Thelma (2017): Low Key Norwegian “Carrie” With a Twist (Review)

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Co-written and directed by Joachim Trier, Eskil Vogt was the other writer who helped on the  screenplay, Thelma is a slow paced, almost languid twist on Stephen King’s “Carrie.” Starring the achingly beautiful Eili Harboe, this suspenseful horror film includes key elements that are present in King’s tale of repression, telekinesis and religion.

The film can also be seen as being influenced by the Richard Matheson tale “It’s a Good Life.” This Twilight Zone story (directed by James Sheldon) dealt with a young boy on a farm who holds his “terrified family” hostage with his incredibly powerful mental ability. The lad, played brilliantly by a young Billy Mumy, can literally “think” someone out of existence if they annoy him.

Thelma has mental powers but they have been repressed with a brand of zealous religion practiced by her family. When the girl goes off to college and starts to fall in love, the power re-emerges with a vengeance. Just before leaving her family, Thelma (Harboe) has a seizure and these become more prevalent at school.

We see the young woman cautiously spreading her wings as she meets Anja, played perfectly by Kaya Wilkins) and as the two become infatuated with one an other, Thelma has an increase in seizures and some disturbing visions/dreams.  Eventually she goes to a doctor for help and discovers that her grandmother, whom she believed was dead, suffers from the same problem. 

After being tested for epilepsy, Thelma tracks her grandmother down and starts remembering a tragic event from her childhood. Her father, Henrik Rafaelsen, a general practitioner, starts treating Thelma as her mother (Ellen Dorrit Petersen) uneasily watches from the sidelines. 

Thelma can be seen as a loss of innocence film, or a “coming of age” tale. Regardless of how the viewer opts to interpret this story, it is beautifully filmed and splendidly executed. At just under two hours, the film is a long one, but it never bores or drags.

The sequences where Thelma seeks help from the medical community do crawl but despite this, interest in the young protagonist does not wander. Trier gives us a plot and storyline that teases with flashbacks and ethereal connections between Anja and Thelma.

Harboe as the naive Thelma gives us just the right amount of wonder and dread as she starts to grow up outside the influence of her strict parents. We learn, as the film progresses, just why Trond and Unni keep close tabs on Thelma; they are already aware of what she is capable of doing.

The horror here is very low key. However,there are moments where it strikes fear right into the heart of the audience. These are not jump worthy moments by any means but the instances, a drowning and a moment underneath an icy lake, reduce us to a primal horror that stays long after the moment appears on screen.

Thelma, unlike “Carrie,” gives us a protagonist that is not a victim but is, rather, a young woman who has lived a sheltered life. There is a reason behind her earlier protected existence. This helps us to develop an empathy with the young girl and her increasing confusion.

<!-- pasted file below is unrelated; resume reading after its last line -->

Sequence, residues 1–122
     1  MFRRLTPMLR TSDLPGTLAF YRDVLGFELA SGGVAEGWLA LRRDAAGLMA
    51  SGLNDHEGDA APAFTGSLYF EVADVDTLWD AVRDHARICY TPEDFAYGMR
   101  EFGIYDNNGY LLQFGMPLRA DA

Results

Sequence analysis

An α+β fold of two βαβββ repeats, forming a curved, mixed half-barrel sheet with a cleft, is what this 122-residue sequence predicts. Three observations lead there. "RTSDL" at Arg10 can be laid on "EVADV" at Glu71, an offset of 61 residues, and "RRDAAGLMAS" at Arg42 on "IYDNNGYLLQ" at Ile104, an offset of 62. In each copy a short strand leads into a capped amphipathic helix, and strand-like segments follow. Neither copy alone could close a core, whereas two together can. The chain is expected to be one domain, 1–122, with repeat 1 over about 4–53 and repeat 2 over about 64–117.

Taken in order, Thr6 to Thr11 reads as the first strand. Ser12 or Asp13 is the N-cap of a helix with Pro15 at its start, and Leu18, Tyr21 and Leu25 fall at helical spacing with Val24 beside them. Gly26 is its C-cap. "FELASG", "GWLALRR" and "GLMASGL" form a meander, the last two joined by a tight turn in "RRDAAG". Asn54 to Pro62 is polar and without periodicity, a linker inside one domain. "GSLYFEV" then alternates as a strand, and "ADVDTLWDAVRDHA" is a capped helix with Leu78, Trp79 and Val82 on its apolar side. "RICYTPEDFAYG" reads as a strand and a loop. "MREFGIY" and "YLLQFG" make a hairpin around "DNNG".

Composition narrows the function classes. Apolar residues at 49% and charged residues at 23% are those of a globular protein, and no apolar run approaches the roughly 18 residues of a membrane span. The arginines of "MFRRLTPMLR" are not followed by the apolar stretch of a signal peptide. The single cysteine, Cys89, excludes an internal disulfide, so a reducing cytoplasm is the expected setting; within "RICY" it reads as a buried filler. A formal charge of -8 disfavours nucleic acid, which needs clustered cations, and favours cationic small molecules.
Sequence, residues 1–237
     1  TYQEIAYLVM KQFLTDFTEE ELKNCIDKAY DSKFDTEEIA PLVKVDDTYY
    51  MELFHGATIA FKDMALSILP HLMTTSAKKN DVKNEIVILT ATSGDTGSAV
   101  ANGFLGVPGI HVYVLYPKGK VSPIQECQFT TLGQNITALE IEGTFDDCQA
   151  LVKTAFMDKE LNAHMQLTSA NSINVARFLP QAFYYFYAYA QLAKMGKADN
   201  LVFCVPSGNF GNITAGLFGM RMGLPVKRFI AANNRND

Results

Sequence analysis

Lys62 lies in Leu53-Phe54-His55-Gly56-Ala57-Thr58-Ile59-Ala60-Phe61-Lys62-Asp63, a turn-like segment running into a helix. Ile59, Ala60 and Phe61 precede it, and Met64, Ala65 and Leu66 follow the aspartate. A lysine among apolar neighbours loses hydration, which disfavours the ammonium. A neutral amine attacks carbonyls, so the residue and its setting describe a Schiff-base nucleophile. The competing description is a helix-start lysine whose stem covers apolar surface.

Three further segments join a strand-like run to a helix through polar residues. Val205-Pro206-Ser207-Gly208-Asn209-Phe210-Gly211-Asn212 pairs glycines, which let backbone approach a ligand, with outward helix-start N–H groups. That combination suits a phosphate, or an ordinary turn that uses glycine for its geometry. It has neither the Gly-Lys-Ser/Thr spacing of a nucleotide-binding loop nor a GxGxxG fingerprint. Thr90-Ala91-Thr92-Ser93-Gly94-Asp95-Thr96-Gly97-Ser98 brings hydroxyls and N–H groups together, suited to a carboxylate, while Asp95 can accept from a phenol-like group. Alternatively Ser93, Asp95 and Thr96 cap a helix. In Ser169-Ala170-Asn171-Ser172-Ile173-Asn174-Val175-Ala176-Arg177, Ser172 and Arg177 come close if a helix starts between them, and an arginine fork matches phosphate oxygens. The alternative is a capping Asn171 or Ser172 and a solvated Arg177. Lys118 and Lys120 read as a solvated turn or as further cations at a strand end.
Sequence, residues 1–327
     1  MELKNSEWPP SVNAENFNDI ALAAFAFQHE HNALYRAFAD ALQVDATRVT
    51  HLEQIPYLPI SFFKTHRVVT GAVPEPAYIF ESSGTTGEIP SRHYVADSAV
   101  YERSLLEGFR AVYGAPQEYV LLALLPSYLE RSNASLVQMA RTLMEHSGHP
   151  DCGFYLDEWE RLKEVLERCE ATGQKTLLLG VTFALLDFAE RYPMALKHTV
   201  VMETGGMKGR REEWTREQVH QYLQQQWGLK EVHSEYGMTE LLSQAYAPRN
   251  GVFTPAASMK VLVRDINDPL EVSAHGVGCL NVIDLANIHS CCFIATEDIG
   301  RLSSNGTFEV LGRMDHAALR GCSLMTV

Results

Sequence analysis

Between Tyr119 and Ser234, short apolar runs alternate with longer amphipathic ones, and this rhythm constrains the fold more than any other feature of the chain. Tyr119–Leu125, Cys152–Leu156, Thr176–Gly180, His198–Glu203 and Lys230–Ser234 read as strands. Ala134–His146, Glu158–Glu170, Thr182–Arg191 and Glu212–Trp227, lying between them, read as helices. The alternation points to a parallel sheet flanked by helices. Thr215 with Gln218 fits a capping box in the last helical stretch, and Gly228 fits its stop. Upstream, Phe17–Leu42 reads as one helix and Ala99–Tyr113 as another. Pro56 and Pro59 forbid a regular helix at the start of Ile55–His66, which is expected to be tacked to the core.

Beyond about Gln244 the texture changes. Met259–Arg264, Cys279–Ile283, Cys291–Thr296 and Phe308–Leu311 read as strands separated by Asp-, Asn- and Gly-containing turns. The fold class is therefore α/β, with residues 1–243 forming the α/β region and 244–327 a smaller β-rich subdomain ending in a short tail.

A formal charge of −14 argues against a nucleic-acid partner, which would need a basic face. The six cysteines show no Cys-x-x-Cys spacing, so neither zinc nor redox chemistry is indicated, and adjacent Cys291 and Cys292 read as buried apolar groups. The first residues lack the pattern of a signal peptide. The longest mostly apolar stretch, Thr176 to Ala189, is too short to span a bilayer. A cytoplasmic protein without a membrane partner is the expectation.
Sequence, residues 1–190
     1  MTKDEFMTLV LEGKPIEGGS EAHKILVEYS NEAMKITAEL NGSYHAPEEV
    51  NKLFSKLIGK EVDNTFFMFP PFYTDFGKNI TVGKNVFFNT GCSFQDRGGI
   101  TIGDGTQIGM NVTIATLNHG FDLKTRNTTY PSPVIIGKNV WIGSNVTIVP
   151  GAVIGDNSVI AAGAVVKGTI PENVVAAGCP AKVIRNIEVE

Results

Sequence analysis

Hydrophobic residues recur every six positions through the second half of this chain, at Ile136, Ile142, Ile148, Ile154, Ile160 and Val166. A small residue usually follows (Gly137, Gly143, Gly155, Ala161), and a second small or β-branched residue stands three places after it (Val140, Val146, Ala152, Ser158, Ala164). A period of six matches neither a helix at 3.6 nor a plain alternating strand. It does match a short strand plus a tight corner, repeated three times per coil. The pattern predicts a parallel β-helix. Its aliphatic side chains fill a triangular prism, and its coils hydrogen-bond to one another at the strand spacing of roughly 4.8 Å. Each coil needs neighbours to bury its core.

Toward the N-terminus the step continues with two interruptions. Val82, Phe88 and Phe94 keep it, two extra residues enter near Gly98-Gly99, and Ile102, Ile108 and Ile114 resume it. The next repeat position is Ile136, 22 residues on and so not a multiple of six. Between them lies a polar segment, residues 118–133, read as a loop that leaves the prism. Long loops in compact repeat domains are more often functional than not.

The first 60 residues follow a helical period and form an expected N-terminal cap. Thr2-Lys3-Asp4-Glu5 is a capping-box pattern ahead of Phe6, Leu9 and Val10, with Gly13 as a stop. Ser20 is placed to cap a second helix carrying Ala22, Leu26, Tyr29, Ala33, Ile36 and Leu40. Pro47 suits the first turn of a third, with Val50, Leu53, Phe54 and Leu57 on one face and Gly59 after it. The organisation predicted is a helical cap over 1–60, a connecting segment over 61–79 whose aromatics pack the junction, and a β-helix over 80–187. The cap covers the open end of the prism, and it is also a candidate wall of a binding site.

This is a full 5 star film that grabs the viewer and draws them slowly into the world of Thelma. Norwegian, indeed Slavic films in general, are, at the moment, top notch and well worth sitting through, despite having subtitles. Check this one out as soon as you can.

Longmire (Season 6) Episode 2: Fever (Review)

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The second episode of Longmire, season six, finds Henry recovering from his ordeal at the Crow reservation. Walt is still facing the wrongful death lawsuit and he starts investigating what happened to his best friend.

Meanwhile, crime continues in the county. A man whose land is a popular place for treasure hunters ends up dead. The solitary man also has cash hidden all over his cabin. Walt has Ferg and Vic start chasing down leads and he stops by Cady’s office to tell her that Jacob Nighthorse must be involved with Henry’s near murder.

This episode features a fair amount of guilt, greed and not a little obsession. Cady’s guilt at possibly aiding Nighthorse to hurt Henry and a man’s stepfather’s guilt at falling out with his son.  After finding the dead man, with all that cash, someone turns up at the station and reports that his brother has gone missing.

Walt heads to a treasure hunters base camp, with the missing man’s brother and asks if anyone has seen him. Longmire bumps into Lucien Connally at the camp and the two men talk about Walt’s court case and why Connally is hunting for treasure. Lucien tells Longmire that he has pretty much figured out where the treasure is really hidden.

Vic finds the dead man’s will, handwritten and not necessarily legal, and they learn who Kayson has left all that cash to. The missing brother uses his credit card at a local hardware store and Cady visits Jacob. It is not a friendly visit and she beats her boss with the stakes that were used to trap Henry.

Walt freaks out when he sees what looks like Malachi Strand’s car and Cady goes to tell her father about confronting Nighthorse. She finds Henry at the Longmire cabin and they talk about Jacob and her attack on Nighthorse.

Lucien suggests that Longmire settle let of court and Walt explains that he tried. He also tells Connally about the murder and asks for his former mentor and friend to help out. Ferg reveals that the missing man never used the credit card. He also tells the two men that the man’s ex-wife used the card.

Walt, and Ferg, force the base camp to search for the missing man and they find him; dead at the bottom of a small cliff. Travis pushes to become more involved with Vic and the baby. During the search, Walt finds that someone returned to the dead goat farmer’s small graveyard and dug up whatever was buried in a grave.

That someone turns out to be Lucien. Walt calls Vic, in the middle of her ultrasound, and she cuts her appointment short. Travis gets upset and asks if Longmire even knows if Vic is pregnant. Walt finds the murder weapon buried in the woods.

Lucien turns up at Longmire’s office with the box he dug up at the farm and Walt works out that the missing man’s brother is the murderer. Henry and the sheriff confront Jacob. Nighthorse gives Walt the doctored books that prove Malachi’s dirty dealings at the casino. He then paraphrases “Jaws” by saying “We need a bigger search party.”

When Walt asks why Jacob is willing to help now, he replies that he more afraid of Malachi than Longmire. Travis turns up and tells Walt that Vic is pregnant. The concerned man has an engagement ring that he intends to give Vic if Walt doesn’t do the right thing.